Her primary areas of study are Paleontology, Ecology, Paleoclimatology, Phanerozoic and Climatology. Her study in the field of Cenozoic, Cretaceous, Ordovician and Neogene also crosses realms of Palaeogeography. Her Ecology study frequently links to related topics such as Leaf size.
In Paleoclimatology, Dana L. Royer works on issues like Global warming, which are connected to Carbon sequestration and Physical oceanography. Her studies deal with areas such as Solar luminosity, Earth science and Paleozoic as well as Phanerozoic. Her Climatology research incorporates elements of Radiative forcing, Geologic time scale, Greenhouse gas and Earth system science.
Dana L. Royer mostly deals with Ecology, Paleoclimatology, Paleontology, Botany and Cretaceous. Her research brings together the fields of Leaf size and Ecology. Dana L. Royer interconnects Global warming, Carbon dioxide, Carbon cycle and Climate sensitivity in the investigation of issues within Paleoclimatology.
Her biological study spans a wide range of topics, including Glacial period and Climatology. Her research in Paleontology tackles topics such as Atmospheric sciences which are related to areas like Devonian, δ13C and Greenhouse. Her work on Cuticle, Transpiration and Photosynthesis is typically connected to Paleobotany as part of general Botany study, connecting several disciplines of science.
Dana L. Royer mainly focuses on Paleontology, Paleoclimatology, Atmospheric sciences, Climate sensitivity and Climatology. In the subject of general Paleontology, her work in Ordovician and Paleozoic is often linked to Cretaceous–Paleogene boundary and Extant taxon, thereby combining diverse domains of study. The Paleoclimatology study combines topics in areas such as Proxy and Deciduous.
The study incorporates disciplines such as Taxon, Photorespiration, Greenhouse and δ13C in addition to Atmospheric sciences. Her Climate sensitivity study combines topics in areas such as Rainforest, Carbon dioxide in Earth's atmosphere, Carbon dioxide and Subarctic climate. She regularly ties together related areas like Global warming in her Climatology studies.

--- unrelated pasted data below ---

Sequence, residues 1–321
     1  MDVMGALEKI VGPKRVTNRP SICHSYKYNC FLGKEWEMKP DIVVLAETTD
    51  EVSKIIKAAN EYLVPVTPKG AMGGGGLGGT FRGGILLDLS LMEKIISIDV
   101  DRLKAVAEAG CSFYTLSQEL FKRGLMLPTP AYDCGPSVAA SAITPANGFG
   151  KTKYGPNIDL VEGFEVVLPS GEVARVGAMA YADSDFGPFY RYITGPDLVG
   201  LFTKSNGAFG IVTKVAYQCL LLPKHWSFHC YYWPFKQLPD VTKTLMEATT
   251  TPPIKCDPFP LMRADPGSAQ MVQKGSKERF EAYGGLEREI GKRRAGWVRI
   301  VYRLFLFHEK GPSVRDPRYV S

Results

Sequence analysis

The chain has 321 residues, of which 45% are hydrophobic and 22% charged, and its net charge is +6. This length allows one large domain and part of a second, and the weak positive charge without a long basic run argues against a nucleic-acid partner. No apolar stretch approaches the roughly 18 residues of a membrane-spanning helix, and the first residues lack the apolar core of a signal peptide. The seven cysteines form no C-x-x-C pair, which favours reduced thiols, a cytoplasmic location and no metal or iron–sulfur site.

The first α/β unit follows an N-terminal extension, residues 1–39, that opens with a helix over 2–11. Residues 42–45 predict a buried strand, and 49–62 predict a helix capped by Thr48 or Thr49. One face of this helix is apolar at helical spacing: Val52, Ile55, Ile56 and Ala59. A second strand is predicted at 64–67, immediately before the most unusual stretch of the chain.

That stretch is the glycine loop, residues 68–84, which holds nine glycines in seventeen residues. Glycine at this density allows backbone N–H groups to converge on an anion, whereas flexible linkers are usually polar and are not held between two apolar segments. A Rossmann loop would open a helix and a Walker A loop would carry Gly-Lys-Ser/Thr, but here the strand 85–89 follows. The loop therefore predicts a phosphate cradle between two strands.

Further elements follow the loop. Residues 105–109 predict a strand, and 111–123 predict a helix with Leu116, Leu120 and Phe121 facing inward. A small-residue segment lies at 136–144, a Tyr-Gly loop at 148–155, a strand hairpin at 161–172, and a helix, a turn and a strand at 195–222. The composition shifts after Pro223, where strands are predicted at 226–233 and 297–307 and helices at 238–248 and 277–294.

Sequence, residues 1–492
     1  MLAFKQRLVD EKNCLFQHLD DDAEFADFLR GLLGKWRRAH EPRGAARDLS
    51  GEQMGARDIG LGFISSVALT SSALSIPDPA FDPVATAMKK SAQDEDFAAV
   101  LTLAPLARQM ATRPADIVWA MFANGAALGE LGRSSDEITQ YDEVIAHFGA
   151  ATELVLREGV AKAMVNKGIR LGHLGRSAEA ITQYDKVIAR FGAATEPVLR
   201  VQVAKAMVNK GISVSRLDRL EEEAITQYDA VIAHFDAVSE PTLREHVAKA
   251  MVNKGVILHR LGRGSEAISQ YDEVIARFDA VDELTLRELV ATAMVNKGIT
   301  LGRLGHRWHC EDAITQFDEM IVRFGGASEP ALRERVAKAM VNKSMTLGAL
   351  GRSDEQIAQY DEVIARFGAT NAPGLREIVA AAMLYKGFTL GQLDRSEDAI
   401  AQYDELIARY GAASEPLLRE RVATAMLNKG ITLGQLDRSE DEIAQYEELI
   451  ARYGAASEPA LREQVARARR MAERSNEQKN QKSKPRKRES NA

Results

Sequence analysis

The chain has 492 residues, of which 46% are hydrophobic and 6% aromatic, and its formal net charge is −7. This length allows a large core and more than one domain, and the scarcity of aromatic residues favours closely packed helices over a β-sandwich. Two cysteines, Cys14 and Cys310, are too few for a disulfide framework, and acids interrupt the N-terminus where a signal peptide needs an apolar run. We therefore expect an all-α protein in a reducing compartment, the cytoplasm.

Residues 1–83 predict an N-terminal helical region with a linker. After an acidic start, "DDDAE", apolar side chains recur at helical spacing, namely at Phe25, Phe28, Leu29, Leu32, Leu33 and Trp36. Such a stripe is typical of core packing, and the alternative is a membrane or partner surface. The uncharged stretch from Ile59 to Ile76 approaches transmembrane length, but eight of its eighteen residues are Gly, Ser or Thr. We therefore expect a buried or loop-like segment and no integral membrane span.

Dana L. Royer mainly investigates Climate sensitivity, Climatology, Climate model, Holocene climatic optimum and Paleoclimatology. Her Climate sensitivity research incorporates themes from Isotopes of oxygen and Precipitation. Her Climatology research is multidisciplinary, relying on both Global warming, Climate change and Solar irradiance.
Her research in the fields of Polar amplification overlaps with other disciplines such as Maar, Database and Present day. Her research in Holocene climatic optimum intersects with topics in Co2 concentration, Assemblage, Global climate and Greenhouse climate. Her Paleoclimatology study integrates concerns from other disciplines, such as Proxy, Rainforest, Carbon dioxide in Earth's atmosphere, Carbon dioxide and Subarctic climate.
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Target atmospheric CO2: Where should humanity aim?
James Hansen;Makiko Sato;Pushker Kharecha;David Beerling.
The Open Atmospheric Science Journal (2008)
Three keys to the radiation of angiosperms into freezing environments
Amy E. Zanne;David C. Tank;William K. Cornwell;Jonathan M. Eastman.
The Geological Record of Ocean Acidification
Bärbel Hönisch;Andy Ridgwell;Daniela N. Schmidt;Ellen Thomas;Ellen Thomas.
CO 2 as a primary driver of Phanerozoic climate
Dana L. Royer;Robert A. Berner;Isabel P. Montañez;Neil J. Tabor.
Gsa Today (2004)
Convergent Cenozoic CO2 history
David J. Beerling;Dana L. Royer.
Nature Geoscience (2011)
CO2-forced climate thresholds during the Phanerozoic
Dana L. Royer.
Geochimica et Cosmochimica Acta (2006)
Stomatal density and stomatal index as indicators of paleoatmospheric CO(2) concentration.
Review of Palaeobotany and Palynology (2001)
Sensitivity of leaf size and shape to climate: Global patterns and paleoclimatic applications
Daniel J. Peppe;Daniel J. Peppe;Dana L. Royer;Bárbara Cariglino;Sofia Y. Oliver.
New Phytologist (2011)
Future climate forcing potentially without precedent in the last 420 million years.
Gavin L. Foster;Dana L. Royer;Daniel J. Lunt.
Nature Communications (2017)
The evolution and functional significance of leaf shape in the angiosperms
Adrienne B. Nicotra;Andrea Leigh;C. Kevin Boyce;Cynthia S. Jones.
Functional Plant Biology (2011)
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